Speaking for myself, aside from the occasional Malwarebytes scan, I don’t run any sort of background AV software or firewall. In fact, I disable the built-in Windows software that provides those features. To my knowledge, I’ve not been infected in over 10 years.  And even then, what I was infected with, Virut/Sality, wasn’t being picked up by any Security software, even fully updated. Since then I’ve had systems that have lacked important security updates magically not be infected in the ways that the aforementioned “security circus” would have me believe. It seems — at least from where I am standing — that the implications of security vulnerabilities to your typical end-user system are vastly overstated, and the focus on those as a means to prevent people from getting infected may be a focus in the wrong area. Instead, Users should receive education such that their “vulnerable” habits can be eliminated or at the very least they can be made aware of them. Better education for computer systems in general can help as well; knowing the difference between an svchost.exe where it should be and an svchost.exe where it isn’t can make it possible to identify unwanted software even if any installed security software isn’t picking it up.


Another topic of some interest that has taken the security world by storm is the Meltdown and Spectre prefetch cache security problems found in many Microprocessors (Meltdown being specific to Intel chips). These security concerns relate to an ability to access memory that would be otherwise unavailable by exploiting speculative cache behaviour. Meltdown involves writing carefully crafted machine language instructions in order to trick the speculative execution into providing access to small pockets of memory that would not otherwise be accessible; there are kernel-mode pages that are part of that applications virtual address space. Spectre functions similarly but requires those carefully crafted machine code instructions in order to try to perform various memory operations and carefully measure them in order to guess at the data found in certain areas of those kernel-mode pages within that processes virtual address space.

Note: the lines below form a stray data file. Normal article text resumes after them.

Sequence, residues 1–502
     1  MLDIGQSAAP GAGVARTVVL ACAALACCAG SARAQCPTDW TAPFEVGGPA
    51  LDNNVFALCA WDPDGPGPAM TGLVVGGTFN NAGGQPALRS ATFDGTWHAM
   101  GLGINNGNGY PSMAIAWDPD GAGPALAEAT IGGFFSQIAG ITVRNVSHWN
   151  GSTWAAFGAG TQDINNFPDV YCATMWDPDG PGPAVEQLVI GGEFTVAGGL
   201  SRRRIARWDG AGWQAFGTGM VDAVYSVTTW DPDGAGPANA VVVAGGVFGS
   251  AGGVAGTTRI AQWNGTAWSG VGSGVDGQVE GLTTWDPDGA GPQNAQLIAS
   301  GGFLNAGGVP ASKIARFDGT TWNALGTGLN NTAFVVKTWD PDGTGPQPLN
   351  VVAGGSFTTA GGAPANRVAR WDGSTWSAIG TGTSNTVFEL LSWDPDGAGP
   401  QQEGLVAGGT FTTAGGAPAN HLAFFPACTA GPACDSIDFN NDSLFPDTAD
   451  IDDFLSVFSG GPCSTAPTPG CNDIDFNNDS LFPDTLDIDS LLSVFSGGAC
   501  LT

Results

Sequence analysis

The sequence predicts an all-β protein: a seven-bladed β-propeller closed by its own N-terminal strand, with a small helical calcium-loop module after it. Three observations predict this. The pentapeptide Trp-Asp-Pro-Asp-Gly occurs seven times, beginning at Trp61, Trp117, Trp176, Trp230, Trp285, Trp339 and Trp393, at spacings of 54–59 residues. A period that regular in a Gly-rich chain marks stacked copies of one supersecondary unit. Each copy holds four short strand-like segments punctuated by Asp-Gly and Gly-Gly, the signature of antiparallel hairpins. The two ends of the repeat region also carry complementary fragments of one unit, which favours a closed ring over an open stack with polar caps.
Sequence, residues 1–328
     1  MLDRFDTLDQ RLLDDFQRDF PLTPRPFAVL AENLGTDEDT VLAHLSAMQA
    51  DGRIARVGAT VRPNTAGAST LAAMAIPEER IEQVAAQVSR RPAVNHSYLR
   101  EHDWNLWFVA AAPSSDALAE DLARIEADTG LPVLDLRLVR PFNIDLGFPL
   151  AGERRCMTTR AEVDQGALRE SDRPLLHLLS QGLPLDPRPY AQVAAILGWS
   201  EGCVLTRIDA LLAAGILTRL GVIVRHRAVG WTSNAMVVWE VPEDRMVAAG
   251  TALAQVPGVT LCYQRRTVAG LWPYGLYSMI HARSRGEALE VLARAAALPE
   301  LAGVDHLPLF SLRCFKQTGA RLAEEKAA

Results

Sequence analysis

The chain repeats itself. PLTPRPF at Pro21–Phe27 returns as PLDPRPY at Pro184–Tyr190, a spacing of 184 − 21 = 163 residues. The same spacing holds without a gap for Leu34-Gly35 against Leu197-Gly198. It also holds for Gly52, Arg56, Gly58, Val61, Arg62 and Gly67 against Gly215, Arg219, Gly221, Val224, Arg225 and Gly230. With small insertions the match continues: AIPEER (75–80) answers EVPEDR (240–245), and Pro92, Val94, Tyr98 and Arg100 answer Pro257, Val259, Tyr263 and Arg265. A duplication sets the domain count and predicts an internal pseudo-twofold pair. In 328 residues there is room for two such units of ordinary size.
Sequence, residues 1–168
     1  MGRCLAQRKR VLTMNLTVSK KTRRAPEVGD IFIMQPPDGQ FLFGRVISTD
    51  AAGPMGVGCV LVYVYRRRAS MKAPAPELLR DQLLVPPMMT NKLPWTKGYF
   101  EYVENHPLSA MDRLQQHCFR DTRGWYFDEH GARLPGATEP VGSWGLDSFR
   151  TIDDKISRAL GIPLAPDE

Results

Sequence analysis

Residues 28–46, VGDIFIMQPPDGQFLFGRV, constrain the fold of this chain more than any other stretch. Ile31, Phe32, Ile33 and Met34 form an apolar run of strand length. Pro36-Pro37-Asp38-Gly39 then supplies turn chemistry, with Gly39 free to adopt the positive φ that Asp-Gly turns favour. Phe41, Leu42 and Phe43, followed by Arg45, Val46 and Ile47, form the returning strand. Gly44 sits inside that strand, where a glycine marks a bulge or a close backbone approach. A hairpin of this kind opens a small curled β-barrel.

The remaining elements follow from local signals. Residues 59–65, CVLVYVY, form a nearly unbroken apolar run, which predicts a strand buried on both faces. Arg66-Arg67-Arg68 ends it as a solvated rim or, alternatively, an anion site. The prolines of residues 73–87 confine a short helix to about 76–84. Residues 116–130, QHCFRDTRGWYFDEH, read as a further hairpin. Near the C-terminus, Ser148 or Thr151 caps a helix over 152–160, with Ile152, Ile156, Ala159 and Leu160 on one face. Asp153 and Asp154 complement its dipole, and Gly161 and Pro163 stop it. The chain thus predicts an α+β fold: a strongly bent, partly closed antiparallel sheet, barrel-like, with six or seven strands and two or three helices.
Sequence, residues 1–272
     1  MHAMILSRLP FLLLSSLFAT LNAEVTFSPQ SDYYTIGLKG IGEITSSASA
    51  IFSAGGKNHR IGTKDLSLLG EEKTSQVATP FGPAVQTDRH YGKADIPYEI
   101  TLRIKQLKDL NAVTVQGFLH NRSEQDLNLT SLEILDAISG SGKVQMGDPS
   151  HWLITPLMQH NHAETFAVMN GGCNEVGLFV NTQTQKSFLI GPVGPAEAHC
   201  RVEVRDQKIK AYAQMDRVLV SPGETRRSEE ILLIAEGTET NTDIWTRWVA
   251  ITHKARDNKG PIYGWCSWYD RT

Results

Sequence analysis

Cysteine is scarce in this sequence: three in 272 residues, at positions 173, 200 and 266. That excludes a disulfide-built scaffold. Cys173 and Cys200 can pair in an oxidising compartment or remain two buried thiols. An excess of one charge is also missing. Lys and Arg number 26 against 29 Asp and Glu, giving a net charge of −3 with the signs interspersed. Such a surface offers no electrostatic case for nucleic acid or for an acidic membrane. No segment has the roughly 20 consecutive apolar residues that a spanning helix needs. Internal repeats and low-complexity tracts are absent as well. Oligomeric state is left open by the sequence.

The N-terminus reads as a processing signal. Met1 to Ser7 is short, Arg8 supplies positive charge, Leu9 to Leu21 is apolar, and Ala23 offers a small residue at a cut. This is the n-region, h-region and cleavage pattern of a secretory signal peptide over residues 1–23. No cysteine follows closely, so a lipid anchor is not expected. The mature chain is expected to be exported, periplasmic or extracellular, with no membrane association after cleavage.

I feel, again, that the security circus has somewhat overstated the dangers involved with these security problems; in particular, it is too common to see statements that t his could be exploited through web-based code, such as Javascript, which itself would require escaping the Javascript sandbox which has wider security implications anyway. Additionally, it seems ot presume that this could be used to steal web or system passwords, when realistically it will only enable viewing tiny pockets of driver-related process memory. and things like ASLR could very easily mitigate any directed attack looking for specific data.

But, the reality hardly sells articles, and certainly doesn’t sell security software- which, I might add, by sheer coincidence tends to be either a sponsor or major advertiser for many of the wider publicized security publications. Coincidence, no doubt.

Posted By: BC_Programming
Last Edit: 31 Jan 2018 @ 07:51 PM

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 09 Dec 2017 @ 12:27 PM 

Winamp is a rather old program, and to some people it represents a bygone era- the late 90’s and early 2000’s in particular. However I’ve not found any “modern” software that compares. There is plenty of software- MediaMonkey, MusicBee- etc which attempts to mimic Winamp, or provides the same general capability of managing a local music library, but they either don’t support Winamp Plugins, don’t work properly with many such plugins- or, most importantly, don’t add anything.

Not adding anything is the important one here. At best, I’m getting the same experience as I do with Winamp, so I’m not gaining anything. People ask, “Why don’t you switch” and the default answer is “Why should I?” If the only reason is because what I am currently using is “outdated” and no longer cool, then maybe I should stick with it because we have something in common.

Typically, I’m losing functionality, though. With Winamp I’ve got everything setup largely how I want. More importantly, it  spans not only FLAC and MP3 Music files, but my Music Library also incorporated various Video Game Music formats for various systems, with complete audio libraries for any number of game titles that I can pull up easily. These are native formats which are much smaller  than if those tracks were encoded as MP3 or FLAC and since they are native formats they use Winamp plugins, Which provide additional features for adjusting audio capabilities. These plugins simply don’t exist or don’t work with modern software, so I’d have to relegate those video game music formats to specific, individual players if I was to switch to say “MusicBee” for my local music library.